Washington Nationals Editorial: Just Say No To Troy Tulowitzki


District On Deck staff writer Matt Weyrich argued in a post two days ago that Troy Tulowitzki would be a good fit for the Nationals, and that the organization should consider getting involved in trade talks to bring the shortstop to Washington.

That’s not a move that the Nationals should make, for a number of reasons.

We all know that Ian Desmond will be a free agent at the end of the 2015 season, and it is doubtful that the Nationals are going to be willing to commit to an expensive, long term contract to keep Desmond on the team. My guess is that Ian is going to look really good in pinstripes.

The Nationals haven’t been willing to offer a long term contract to a 30-year-old Ian Desmond. Why in the world would the Nationals want to take on the large contract of the 30-year-old Tulowitzki which has six more years to run? Tulowitzki is due $20 million per year this year and every year to 2020. In 2020 he is due $14 million. In 2021 there is a team option for $15 million or the team has to pay $4 million to buy that year out.

The Nationals don’t need to commit to that kind of contract to get a guy who may have two years of good shortstop play left in him. Statistically, shortstops lose range and mobility somewhere between ages 30-34. This is one reason the Nationals have not been willing to sign Desmond to an expensive long term deal at this point when Ian is going to be 30 years old this year.

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Tulowitzki hasn’t been able to stay healthy. This is another problem. Troy only played 91 games last year, 126 in in 2013 and 47 in 2012. It doesn’t matter if Tulo can hit if he isn’t in the lineup. With his injury history the Nationals would have to have a good backup option at shortstop on the bench to be able to step in and take over when Troy inevitably ends up on the DL.

There is no DH in the National League. When Tulowitzki loses range and can’t play shortstop any longer, what do the Nationals do with him? They can’t move him to first base because Ryan Zimmerman is signed through 2019 with a team option for 2020 and will be at first base for the foreseeable future. Maybe you could convert Tulowitzki to play second, but again that means you have to have a good option to play second sitting on the bench to cover for him when he gets hurt.

A thirty-five or thirty-six year old middle infielder is a scary proposition, especially one who isn’t durable. If you have to keep a good middle infielder on the bench to cover for Tulowitzki when he gets hurt, why not take a pass on Tulo and let the bench guy have the job permanently? It would be more cost effective.

Trading for Tulowitzki isn’t going to add a piece to this team that is guaranteed to help in the playoffs. At this point, Desmond has just as much playoff experience as Tulowitzki, and Desmond’s is of more recent vintage. Troy has been to the playoffs twice: once in 2007 when the Rockies went on their miracle run to get to the World Series and the second time in 2009 when the Rockies were bounced in the Division Series.

Troy’s batting average in the playoffs is .211. It was an abysmal .195 in the 2007 playoffs and World Series. Tulowitzki hasn’t been to the playoffs in five years. Desmond has been to two rounds of the post season in the last three years and has a .270 average in post season play.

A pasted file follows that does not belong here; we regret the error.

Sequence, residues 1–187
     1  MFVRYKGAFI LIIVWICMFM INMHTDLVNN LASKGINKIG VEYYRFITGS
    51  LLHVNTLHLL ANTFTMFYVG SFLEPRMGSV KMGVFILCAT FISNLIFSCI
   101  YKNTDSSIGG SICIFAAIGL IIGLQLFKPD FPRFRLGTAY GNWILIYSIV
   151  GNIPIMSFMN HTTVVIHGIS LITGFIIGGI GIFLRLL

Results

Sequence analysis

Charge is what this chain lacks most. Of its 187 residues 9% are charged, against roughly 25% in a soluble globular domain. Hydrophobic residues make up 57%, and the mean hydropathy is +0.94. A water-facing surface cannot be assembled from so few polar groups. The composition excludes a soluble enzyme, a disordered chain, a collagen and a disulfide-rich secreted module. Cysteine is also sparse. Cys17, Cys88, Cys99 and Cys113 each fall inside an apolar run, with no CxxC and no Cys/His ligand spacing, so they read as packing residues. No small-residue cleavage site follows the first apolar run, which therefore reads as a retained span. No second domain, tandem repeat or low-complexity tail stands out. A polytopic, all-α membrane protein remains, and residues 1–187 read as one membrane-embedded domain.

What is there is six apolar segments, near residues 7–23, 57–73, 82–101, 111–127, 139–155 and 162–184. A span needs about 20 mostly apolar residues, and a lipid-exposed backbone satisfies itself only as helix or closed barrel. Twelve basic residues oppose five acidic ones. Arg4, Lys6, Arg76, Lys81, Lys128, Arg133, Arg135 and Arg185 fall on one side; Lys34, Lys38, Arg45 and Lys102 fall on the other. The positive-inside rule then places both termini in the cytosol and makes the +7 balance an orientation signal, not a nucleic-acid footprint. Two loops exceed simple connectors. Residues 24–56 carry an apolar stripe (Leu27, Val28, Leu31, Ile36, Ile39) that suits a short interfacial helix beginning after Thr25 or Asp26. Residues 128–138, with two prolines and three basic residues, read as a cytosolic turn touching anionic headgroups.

The worst effect of putting Tulowitzki on this team is the block he will be on the up and coming middle infielders whom Mike Rizzo has either drafted or traded to obtain. Wilmer Difo, one of those prospects, has split his time in the minors playing second base and shortstop. He finally put his hitting together last year, posting an average of .315 in single A ball.

This year Difo has been moved up to AA Harrisburg, and is hitting .333 since moving up a level. He has been playing mostly shortstop this year. He’s 23 years old. If he continues to develop and hit well, he will be ready to have a shot at a job with the big club as early as next year or the year after. The thinking is that is the reason he has been playing exclusively shortstop this year.

The rumored player to be named later in the Nationals trade involving the Padres and Tampa Bay that occurred in the offseason is Trea Turner, who is considered one of the premier shortstop prospects in all of baseball. If Turner develops and is ready to crack the majors in four or five years (or sooner), what happens to Turner and Difo if Tulowitzki is on this team for the next five or six years blocking their move up to the majors?

Rumor has it that the Rockies want pitching prospects for Tulowitzki. The Nationals are going to be in need of their good pitching prospects. Jordan Zimmermann will probably not be returning to the Nationals as he is a free agent at the end of this year and will command a very large contract that the Nats have not been willing to put on the table. Doug Fister is also a free agent. Strasburg and Gio Gonzalez are only guaranteed to be here for another two years.

The Nationals will need to move their prospects to the majors in the next two to three years. They can’t trade good pitchers for an injury prone, expensive infielder who is probably past the prime of his career. That’s the type of mistake we have seen the New York Mets make on numerous occasions and it never works out.

Troy Tulowitzki is not a good fit for the Nationals, right now or in the future. The Nationals need to take a pass and let some other team make this mistake.

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